Chewing gum may encourage you to shop more: study
Nick Wells, CTVNews.ca
Published Monday, March 20, 2017 10:35AM EDT
Last Updated Monday, March 20, 2017 7:02PM EDT
A stick of gum may help if you want fresh breath, but a new Canadian study claims that simple act could also influence your shopping habits.
In a study published in the "Journal of Retailing and Consumer Services," researchers at the Ted Rogers School of Retail Management at Ryerson University say chewing gum may encourage customers to spend more time in a store.
"As people are chewing gum, they have this increased cognitive function, and that allows them to think more while they're in the store," Mark Lee, a professor and co-author of the study, said in an interview with CTV Toronto.
The researchers conducted five separate studies, with a desire to understand what stores can give to influence shoppers' behaviour.
The first four studies were conducted in a U.S. university's lab and involved 300 students. The researchers compared those students who were given gum to chew versus those who didn’t. The students were asked to perform tasks ranging from buying a book from an online outlet to buying gifts for family members and friends.
The students were also asked to write down their thoughts about the purchases or list the number of items they looked at before they made their purchase.
Those who were chewing gum were found to have spent more time browsing items and listed more thoughts about their purchases.
In the final study, 56 customers at a major grocery chain store were surveyed, with half given gum. Before the customers entered the store, they were asked to fill out a survey listing what they were considering purchasing.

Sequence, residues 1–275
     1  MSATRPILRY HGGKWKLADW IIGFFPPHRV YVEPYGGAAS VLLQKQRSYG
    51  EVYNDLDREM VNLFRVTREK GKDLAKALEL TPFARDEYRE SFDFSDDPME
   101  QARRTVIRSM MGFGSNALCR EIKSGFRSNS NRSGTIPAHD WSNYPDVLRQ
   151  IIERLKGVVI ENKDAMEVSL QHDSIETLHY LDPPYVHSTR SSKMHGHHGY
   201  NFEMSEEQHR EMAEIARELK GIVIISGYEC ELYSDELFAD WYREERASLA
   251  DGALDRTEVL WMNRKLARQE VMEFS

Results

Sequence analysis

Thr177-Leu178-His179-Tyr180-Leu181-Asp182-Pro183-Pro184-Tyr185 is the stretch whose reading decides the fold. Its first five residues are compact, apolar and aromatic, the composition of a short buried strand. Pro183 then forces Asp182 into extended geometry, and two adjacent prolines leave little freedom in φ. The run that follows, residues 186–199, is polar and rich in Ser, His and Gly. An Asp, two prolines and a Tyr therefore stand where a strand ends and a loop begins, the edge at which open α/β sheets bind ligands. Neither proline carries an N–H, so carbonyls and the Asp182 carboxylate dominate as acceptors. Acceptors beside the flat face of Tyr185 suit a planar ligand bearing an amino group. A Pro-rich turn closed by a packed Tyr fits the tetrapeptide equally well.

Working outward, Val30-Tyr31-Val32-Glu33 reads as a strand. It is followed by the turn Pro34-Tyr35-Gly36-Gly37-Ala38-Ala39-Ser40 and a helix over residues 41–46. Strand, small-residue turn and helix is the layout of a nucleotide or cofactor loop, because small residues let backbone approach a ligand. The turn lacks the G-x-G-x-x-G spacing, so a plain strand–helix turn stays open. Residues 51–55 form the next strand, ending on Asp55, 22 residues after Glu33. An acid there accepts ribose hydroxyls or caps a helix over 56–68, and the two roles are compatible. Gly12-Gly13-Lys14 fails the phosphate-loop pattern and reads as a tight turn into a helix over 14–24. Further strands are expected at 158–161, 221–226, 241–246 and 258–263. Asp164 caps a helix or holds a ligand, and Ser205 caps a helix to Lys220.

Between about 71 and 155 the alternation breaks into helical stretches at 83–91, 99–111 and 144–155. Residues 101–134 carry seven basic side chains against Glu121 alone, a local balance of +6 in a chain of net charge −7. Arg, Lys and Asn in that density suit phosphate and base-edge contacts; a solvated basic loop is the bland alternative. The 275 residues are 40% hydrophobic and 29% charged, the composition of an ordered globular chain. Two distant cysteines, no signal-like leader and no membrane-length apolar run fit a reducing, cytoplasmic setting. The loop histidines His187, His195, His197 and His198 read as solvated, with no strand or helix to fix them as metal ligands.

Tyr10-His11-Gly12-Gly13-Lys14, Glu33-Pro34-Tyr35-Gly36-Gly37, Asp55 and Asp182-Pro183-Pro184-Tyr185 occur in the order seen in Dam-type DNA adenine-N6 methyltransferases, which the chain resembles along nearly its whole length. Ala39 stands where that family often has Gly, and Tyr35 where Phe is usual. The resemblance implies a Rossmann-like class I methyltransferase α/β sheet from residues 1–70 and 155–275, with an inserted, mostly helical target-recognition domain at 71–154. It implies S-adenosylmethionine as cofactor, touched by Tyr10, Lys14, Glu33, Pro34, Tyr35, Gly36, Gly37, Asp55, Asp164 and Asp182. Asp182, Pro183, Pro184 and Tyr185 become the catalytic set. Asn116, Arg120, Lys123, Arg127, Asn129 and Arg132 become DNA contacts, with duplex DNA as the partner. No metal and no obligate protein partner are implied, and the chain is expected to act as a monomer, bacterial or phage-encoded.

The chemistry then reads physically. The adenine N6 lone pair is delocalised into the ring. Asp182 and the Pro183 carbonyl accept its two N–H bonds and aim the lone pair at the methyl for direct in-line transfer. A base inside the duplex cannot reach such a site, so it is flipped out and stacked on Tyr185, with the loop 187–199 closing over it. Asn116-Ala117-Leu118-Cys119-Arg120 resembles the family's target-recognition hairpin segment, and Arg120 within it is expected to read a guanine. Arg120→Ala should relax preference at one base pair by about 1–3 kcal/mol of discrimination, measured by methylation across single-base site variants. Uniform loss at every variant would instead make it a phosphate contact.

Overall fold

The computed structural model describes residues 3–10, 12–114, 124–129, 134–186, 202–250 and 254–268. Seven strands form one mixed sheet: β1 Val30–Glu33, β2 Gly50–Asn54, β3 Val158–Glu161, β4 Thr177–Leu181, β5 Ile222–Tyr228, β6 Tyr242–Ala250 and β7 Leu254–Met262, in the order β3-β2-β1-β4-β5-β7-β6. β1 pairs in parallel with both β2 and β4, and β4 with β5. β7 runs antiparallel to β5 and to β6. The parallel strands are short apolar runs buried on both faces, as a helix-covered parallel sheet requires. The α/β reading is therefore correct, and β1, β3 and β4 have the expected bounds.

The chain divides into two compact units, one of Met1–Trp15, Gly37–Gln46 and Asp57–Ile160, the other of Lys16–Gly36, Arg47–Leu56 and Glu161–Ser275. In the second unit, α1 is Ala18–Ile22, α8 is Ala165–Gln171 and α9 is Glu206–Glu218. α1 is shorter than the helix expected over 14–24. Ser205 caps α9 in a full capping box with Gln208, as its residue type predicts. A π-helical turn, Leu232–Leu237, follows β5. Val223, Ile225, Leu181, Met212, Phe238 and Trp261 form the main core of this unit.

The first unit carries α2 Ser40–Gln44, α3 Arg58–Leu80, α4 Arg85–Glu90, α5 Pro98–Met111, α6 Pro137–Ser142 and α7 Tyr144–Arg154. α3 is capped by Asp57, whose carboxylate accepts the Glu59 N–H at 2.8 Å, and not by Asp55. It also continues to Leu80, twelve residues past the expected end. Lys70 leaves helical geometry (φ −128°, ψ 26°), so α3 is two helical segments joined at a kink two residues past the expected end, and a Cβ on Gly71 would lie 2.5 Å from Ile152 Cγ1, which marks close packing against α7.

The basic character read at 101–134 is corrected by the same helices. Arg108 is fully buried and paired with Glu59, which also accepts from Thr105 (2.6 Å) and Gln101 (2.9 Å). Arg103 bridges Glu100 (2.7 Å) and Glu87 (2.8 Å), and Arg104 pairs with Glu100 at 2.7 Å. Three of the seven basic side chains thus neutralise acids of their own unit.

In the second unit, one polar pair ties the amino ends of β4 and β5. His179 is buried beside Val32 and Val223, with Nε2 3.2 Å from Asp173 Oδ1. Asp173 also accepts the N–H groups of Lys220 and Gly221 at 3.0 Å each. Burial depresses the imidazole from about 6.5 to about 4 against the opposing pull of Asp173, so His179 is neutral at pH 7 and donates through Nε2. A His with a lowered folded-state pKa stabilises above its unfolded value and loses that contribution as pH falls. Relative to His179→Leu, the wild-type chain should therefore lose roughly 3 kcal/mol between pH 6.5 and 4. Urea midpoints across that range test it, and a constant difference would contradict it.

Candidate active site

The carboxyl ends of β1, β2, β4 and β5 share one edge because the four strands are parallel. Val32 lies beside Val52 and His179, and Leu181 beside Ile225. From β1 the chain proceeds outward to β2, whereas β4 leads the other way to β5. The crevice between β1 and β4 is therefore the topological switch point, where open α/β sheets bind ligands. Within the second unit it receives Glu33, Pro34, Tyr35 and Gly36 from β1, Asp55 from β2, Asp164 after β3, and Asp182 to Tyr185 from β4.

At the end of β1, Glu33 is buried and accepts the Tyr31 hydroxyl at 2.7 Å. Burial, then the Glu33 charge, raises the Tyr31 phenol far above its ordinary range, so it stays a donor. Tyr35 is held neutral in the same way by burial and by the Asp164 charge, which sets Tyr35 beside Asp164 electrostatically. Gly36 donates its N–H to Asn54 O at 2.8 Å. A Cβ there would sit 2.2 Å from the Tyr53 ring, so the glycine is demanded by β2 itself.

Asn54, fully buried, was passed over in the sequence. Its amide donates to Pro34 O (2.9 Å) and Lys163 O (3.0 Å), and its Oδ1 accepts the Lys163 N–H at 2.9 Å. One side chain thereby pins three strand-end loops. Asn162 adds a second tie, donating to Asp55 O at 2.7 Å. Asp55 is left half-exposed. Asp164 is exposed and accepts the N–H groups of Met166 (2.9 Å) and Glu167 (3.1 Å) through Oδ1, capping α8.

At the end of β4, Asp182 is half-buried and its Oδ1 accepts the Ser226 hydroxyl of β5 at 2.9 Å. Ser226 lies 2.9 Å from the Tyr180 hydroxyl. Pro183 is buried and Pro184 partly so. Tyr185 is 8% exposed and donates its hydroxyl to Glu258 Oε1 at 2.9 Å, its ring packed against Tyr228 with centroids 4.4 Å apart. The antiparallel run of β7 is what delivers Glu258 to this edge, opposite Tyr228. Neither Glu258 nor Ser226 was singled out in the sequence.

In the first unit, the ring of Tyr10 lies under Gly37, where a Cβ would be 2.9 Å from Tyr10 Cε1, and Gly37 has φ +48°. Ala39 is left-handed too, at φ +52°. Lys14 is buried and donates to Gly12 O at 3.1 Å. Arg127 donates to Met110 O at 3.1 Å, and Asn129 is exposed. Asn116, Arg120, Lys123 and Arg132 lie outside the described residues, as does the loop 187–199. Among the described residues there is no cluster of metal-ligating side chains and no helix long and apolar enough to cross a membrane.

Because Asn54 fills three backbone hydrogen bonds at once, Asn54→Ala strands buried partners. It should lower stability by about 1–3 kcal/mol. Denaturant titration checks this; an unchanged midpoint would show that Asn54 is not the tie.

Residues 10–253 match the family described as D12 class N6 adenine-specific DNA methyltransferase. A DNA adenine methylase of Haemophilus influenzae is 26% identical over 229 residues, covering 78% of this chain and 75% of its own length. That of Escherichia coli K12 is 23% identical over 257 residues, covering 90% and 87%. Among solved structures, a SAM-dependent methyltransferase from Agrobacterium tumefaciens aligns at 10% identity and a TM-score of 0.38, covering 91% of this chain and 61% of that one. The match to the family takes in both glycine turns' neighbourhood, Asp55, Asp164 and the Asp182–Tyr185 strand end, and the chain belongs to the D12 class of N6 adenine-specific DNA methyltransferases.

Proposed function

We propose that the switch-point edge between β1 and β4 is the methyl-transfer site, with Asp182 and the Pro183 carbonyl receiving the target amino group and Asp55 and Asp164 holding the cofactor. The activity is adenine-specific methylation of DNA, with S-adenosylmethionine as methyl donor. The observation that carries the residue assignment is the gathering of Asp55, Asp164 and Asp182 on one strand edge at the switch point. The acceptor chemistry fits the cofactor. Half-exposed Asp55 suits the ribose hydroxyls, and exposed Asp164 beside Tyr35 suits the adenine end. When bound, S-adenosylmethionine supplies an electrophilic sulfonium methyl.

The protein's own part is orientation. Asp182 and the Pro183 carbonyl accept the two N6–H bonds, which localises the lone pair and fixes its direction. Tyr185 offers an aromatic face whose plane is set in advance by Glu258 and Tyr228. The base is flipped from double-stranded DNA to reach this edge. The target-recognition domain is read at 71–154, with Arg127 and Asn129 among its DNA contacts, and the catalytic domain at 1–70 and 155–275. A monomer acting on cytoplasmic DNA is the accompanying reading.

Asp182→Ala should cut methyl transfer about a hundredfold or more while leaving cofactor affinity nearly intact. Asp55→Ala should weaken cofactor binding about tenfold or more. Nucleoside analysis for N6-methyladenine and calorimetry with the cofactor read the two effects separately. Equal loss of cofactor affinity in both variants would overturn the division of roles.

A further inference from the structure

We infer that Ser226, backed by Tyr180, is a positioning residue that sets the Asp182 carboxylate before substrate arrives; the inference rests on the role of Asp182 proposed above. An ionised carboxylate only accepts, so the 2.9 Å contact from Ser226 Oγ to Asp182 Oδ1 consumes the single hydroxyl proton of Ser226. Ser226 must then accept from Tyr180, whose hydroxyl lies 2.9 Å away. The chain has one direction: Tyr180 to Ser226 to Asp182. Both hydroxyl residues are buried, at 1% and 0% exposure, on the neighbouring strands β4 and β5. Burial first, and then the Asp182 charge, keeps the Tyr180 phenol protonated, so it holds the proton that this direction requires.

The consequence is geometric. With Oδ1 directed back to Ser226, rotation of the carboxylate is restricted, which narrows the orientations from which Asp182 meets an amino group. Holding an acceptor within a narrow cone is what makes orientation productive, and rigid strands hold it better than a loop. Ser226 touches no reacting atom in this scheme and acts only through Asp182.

Those who were chewing gum were found to have spent more time in the store and bought more items. However, they didn't spend more money than the customers who weren't given gum.
But researchers did discover the amount of gum is key. Too much gum and the benefits are lost.
"Now they're focusing too much on the gum itself and the chewing task itself, rather than just kind of looking at the store," said Lee.
Stores have long looked to influence customers' shopping habits, using methods such as colour choices or music.
"Sometimes they play slower music to keep you l HL: Chewing gum may encourage you to shop more: study
onger in the store and if they want you to kind of hurry up, they play some fast songs," Ksenia Sergueeva, a graduate student at Ryerson University and a co-author of the study.
Researchers suggest retailers offer customers a sample of gum, and target those who have the time to browse and are not being distracted by family or friends.
With a report from CTV Toronto's Scott Lightfoot